KO BROWN was a furnace supervisor at Gopher Resource, a lead plant in Tampa, for six years. Although Brown developed blood pressure issues due to the high lead levels in his blood, he said the money kept him at the job. 'I felt like they showed us money that we've never seen before, so we rationalized working there,' Brown said. Ko's son Colin was diagnosed with autism and had high lead levels in his blood at a young age, which they believe was due to his father, Ko, bringing it home from his work at Gopher Resource.
© Martha Asencio Rhine/Tampa Bay Times via ZUMA Press Wire
Lead-laced dust covers the inside of the Gopher Resource in Tampa, the only lead smelter in the state of Florida. Hundreds of workers at a Tampa lead smelter have been exposed to dangerous levels of the neurotoxin. Gopher exposed workers for years to levels of lead in the air that were hundreds of times higher than the federal limit.
© Tampa Bay Times via ZUMA Press Wire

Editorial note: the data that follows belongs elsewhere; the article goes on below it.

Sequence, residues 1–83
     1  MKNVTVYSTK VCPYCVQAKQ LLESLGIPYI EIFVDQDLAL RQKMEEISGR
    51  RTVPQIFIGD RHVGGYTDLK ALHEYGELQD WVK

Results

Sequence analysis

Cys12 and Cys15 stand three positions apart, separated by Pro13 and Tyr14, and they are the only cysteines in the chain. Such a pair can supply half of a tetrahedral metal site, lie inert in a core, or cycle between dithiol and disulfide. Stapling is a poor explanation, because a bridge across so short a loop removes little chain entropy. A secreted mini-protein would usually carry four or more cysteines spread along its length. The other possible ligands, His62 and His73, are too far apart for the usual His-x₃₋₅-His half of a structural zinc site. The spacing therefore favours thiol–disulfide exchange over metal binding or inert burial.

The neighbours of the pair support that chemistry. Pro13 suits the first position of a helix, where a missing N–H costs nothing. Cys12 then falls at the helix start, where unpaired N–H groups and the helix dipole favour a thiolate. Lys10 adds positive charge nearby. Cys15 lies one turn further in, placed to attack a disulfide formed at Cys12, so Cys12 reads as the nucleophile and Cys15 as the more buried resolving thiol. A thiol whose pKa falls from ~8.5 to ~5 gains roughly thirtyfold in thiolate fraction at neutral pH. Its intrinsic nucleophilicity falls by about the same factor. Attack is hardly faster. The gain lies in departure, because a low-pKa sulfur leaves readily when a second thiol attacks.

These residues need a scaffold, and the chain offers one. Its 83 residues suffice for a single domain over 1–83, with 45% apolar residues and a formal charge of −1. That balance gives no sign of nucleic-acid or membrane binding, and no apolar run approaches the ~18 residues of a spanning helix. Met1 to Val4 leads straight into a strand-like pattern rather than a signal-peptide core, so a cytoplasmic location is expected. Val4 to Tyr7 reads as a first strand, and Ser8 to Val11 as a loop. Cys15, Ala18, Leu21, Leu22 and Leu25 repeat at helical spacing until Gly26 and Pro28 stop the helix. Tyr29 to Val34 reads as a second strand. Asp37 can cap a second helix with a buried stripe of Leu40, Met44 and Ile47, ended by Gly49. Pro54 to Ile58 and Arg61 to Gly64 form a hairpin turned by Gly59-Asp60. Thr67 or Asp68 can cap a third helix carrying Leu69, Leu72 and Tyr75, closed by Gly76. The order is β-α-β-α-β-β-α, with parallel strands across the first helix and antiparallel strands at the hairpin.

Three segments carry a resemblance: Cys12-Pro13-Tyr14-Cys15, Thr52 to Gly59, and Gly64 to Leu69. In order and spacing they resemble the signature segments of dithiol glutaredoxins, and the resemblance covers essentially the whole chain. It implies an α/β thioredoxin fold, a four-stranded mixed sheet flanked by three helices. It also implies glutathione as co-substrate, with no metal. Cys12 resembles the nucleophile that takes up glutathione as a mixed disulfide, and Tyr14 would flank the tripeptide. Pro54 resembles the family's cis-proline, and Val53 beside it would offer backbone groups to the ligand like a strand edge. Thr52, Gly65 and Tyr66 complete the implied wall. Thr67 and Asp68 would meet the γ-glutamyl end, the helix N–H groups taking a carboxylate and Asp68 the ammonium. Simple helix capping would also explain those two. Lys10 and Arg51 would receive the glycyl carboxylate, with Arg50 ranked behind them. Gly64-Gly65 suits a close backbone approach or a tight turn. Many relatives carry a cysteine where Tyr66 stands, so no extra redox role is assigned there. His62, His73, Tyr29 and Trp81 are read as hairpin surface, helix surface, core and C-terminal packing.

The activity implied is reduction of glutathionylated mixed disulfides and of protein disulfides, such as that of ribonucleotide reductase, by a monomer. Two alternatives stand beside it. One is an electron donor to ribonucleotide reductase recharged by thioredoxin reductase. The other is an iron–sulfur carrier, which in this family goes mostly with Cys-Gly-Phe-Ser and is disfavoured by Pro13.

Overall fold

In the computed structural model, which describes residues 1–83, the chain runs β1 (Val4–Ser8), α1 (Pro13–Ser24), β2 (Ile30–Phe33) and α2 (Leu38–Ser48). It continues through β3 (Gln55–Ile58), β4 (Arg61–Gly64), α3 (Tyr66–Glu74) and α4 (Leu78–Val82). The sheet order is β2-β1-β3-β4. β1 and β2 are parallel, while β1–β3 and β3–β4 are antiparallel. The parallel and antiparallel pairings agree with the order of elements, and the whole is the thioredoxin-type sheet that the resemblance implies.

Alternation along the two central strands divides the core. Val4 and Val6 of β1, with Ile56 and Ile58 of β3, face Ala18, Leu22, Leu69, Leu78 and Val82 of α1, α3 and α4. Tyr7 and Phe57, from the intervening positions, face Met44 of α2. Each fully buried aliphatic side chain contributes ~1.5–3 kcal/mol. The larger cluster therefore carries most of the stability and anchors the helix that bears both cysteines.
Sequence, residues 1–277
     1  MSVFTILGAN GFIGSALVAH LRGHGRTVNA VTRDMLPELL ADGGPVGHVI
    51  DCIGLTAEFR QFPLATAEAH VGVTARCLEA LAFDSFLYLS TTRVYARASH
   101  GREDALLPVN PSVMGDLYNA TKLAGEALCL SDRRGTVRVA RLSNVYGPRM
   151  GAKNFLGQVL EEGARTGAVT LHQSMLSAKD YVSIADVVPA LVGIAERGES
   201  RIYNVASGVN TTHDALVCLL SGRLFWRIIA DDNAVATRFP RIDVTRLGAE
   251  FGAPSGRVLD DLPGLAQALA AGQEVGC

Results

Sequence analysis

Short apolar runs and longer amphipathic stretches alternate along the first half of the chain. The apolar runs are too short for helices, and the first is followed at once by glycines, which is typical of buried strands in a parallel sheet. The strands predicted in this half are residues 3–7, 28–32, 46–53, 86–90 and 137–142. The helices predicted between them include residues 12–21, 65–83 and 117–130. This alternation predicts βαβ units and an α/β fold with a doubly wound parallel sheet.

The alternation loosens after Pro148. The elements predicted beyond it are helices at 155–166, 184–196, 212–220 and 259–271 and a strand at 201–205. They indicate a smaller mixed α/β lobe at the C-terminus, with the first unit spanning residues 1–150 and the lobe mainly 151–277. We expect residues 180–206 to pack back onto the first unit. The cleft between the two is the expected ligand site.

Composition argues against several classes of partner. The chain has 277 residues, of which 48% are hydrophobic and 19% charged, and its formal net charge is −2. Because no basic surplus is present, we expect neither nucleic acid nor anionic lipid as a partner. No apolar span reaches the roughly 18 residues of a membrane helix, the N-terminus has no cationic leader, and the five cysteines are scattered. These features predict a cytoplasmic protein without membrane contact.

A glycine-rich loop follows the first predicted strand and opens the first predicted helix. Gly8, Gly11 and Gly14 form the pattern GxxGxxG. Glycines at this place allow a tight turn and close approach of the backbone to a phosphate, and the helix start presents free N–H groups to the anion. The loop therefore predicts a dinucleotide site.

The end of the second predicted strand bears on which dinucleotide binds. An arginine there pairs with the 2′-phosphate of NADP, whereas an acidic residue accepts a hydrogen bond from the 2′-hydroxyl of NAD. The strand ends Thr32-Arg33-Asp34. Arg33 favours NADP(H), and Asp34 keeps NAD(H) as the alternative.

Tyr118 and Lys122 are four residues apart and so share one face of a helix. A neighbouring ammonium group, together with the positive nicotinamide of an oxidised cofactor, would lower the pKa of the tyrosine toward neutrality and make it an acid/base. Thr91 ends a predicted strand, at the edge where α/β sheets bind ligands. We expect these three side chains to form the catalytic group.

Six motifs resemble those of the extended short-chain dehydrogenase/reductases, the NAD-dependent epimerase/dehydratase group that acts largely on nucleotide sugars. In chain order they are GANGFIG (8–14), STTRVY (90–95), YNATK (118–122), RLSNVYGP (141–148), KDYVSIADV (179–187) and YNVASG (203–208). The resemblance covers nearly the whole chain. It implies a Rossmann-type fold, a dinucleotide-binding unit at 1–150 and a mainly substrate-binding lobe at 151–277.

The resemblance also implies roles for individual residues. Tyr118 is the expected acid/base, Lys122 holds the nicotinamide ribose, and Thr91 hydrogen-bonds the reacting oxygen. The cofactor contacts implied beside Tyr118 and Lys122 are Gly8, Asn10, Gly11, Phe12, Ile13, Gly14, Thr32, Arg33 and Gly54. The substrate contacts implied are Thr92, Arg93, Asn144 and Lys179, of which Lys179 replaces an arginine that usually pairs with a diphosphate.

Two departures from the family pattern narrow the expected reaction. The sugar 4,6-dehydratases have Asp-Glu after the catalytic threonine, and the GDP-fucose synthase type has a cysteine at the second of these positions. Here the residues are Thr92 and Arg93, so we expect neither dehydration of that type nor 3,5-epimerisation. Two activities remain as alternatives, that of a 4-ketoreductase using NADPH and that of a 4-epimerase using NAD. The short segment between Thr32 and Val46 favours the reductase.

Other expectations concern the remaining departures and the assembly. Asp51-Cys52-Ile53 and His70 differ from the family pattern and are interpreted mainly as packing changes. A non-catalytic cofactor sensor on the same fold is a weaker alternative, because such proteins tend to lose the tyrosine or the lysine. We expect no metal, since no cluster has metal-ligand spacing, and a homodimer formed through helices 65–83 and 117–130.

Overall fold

ERIC AUTERY, a former furnace operator at Gopher Resource, poses for a portrait outside his home. Autery, an Army veteran, said his time at Gopher Resource took a toll on his health. 'The first three months were okay and then everything started to go downhill,' said Autery. 'I've been to Iraq. I was more tired in that place than I was in Iraq.' During his time working at Gopher, Autery's energy was low and his skin turned gray. He recalls the long hours and the concerning working conditions but admits the money was very good, just not worth the mental and physical toll.
© Martha Asencio Rhine/Tampa Bay Times via ZUMA Press Wire
Lead-laced dust cascades inside Gopher Resource in Tampa, the only lead smelter in the state of Florida. The video was taken in 2019. Hundreds of workers at a Tampa lead smelter have been exposed to dangerous levels of the neurotoxin. Gopher exposed workers for years to levels of lead in the air that were hundreds of times higher than the federal limit.